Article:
Understanding of Science Classrooms in Different Countries through the Analysis of Discourse Modes for Building 'Classroom Science Knowledge' (CSK)

  • Oh, Phil Seok (Gyeongin National University of Education) ;
  • Campbell, Todd (University of Massachusetts Dartmouth)
  • Received : 2013.01.28
  • Accepted : 2013.05.03
  • Published : 2013.05.31


This study explored how teachers and students in different countries discursively interact to build 'Classroom Science Knowledge' (CSK) - the knowledge generated situatedly in the context of the science classroom. Data came from publicly released $8^{th}$ grade science classroom videos of five nations who participated in the Third TIMSS (Trend in International Mathematics and Science Study) video study. A total of ten video-recorded science lessons and their verbatim transcripts were selected and analyzed using a framework developed by the researchers of the study. It was revealed that a range of discourse modes were utilized and these modes were often sequentially connected to build CSK in the science classrooms. Although dominant discourse modes and their sequences varied among different lessons or different countries, the study identified three salient patterns of science classroom discourse: teacher-guided negotiation and the sequences of exploring - building on the shared and retrieving - elaborating. These patterns were found to be different from the discursive features commonly witnessed in the community of professional scientists and interpreted as implying the existence of unique epistemic cultures shared in science classrooms of different countries. Further studies are suggested to reveal detailed characteristics of these epistemic cultures of science classrooms, as well as to confirm whether any cultural traits inherently shape the differences in science classroom discourse among different nations.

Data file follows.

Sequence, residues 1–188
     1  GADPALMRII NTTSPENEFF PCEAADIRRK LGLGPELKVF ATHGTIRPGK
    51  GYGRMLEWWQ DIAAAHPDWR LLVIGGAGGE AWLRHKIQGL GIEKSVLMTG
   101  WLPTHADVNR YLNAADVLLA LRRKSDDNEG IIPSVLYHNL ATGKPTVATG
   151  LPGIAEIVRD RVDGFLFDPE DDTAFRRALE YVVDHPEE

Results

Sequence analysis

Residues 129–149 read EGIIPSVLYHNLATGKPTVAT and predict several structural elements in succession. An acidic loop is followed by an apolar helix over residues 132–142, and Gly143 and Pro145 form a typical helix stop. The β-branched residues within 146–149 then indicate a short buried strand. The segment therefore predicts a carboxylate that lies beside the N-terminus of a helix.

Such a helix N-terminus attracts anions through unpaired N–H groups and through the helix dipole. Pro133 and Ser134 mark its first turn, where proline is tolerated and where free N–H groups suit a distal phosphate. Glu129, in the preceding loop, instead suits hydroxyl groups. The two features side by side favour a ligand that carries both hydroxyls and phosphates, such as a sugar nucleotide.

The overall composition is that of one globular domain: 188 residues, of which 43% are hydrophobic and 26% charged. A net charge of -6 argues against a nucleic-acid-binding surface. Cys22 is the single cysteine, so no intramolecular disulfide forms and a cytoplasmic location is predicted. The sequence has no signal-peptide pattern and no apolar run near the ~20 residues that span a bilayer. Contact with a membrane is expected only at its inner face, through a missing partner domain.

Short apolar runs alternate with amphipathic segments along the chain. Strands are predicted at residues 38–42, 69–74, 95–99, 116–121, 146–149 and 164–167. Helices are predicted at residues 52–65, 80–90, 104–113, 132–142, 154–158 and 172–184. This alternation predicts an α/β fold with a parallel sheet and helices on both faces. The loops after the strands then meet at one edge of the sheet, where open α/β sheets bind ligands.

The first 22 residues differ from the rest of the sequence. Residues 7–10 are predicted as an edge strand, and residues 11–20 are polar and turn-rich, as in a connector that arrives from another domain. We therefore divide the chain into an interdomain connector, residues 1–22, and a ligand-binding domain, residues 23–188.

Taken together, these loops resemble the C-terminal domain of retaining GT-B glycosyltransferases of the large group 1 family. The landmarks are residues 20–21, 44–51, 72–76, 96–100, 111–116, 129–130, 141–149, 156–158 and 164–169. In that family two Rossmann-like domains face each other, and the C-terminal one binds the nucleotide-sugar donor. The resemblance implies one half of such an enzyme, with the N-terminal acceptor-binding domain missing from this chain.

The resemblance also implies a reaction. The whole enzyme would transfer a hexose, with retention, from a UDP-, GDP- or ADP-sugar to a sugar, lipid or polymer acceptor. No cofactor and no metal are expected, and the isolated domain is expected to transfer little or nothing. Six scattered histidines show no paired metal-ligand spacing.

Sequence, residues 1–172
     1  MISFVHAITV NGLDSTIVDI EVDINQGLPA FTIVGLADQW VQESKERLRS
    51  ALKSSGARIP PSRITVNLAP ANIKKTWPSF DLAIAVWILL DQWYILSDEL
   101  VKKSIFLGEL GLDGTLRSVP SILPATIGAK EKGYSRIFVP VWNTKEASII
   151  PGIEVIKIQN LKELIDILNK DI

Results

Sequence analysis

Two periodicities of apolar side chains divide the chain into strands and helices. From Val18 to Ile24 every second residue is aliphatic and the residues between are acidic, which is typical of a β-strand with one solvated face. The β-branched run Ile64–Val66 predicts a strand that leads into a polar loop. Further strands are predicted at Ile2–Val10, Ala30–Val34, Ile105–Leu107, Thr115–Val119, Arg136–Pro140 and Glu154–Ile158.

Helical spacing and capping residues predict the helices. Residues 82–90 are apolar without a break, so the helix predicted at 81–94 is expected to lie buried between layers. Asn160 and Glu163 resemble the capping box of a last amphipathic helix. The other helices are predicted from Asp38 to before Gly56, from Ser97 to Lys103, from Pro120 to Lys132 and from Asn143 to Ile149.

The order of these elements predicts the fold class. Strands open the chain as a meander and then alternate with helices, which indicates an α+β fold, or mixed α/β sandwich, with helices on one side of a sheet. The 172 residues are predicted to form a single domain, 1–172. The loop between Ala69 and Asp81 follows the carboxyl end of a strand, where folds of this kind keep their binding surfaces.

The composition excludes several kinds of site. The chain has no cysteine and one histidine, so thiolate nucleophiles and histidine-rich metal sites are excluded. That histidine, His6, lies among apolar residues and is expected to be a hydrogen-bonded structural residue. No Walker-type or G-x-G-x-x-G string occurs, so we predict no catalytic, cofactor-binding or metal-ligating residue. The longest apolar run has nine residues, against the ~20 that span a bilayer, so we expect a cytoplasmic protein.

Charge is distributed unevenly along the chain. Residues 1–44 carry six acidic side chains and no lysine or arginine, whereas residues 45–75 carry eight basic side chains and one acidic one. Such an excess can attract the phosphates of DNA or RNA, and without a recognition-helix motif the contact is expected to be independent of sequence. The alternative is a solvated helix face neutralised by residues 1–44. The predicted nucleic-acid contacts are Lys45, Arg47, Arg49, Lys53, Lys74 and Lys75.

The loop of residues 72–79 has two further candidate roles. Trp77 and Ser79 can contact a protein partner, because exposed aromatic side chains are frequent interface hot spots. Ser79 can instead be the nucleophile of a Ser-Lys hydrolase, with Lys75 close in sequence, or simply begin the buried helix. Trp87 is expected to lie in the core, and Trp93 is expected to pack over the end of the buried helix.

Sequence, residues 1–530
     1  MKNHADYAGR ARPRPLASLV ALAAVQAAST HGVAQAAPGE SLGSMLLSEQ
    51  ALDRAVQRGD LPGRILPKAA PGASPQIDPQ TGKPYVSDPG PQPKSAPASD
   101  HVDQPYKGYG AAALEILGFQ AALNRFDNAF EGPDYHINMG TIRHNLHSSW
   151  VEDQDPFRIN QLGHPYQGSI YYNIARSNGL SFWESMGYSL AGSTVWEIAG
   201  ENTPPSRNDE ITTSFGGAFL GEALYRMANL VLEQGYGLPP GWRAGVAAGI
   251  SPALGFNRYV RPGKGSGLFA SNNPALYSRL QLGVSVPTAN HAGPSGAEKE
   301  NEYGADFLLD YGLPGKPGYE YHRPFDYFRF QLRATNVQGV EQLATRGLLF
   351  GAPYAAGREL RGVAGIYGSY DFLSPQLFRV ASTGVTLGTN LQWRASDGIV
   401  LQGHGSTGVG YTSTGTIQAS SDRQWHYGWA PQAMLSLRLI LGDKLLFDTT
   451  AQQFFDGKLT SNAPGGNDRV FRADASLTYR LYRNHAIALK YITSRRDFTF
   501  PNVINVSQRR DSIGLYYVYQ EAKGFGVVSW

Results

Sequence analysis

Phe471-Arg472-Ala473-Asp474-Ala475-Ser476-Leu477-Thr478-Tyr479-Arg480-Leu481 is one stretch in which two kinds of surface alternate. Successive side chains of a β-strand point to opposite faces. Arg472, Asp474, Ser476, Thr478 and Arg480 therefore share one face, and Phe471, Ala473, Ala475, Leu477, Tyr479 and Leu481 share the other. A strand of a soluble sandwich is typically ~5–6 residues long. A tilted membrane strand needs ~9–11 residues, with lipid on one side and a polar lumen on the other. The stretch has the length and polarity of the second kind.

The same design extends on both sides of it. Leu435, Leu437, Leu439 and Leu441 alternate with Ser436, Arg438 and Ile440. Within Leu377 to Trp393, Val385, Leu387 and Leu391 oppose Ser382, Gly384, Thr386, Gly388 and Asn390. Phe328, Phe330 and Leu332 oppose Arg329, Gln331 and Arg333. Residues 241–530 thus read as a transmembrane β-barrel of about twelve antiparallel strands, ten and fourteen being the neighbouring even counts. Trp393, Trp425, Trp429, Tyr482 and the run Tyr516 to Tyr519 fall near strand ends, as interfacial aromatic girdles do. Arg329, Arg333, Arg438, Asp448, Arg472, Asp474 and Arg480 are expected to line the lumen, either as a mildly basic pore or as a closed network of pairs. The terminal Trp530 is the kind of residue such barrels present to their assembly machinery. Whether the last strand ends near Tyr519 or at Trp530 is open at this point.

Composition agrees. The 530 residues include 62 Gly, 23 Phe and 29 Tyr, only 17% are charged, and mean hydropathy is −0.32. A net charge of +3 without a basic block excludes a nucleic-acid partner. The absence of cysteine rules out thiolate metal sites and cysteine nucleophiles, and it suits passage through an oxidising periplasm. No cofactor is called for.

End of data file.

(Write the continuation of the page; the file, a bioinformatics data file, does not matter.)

science classroom;discourse;classroom science knowledge;epistemic culture


Supported by : National Research Foundation of Korea


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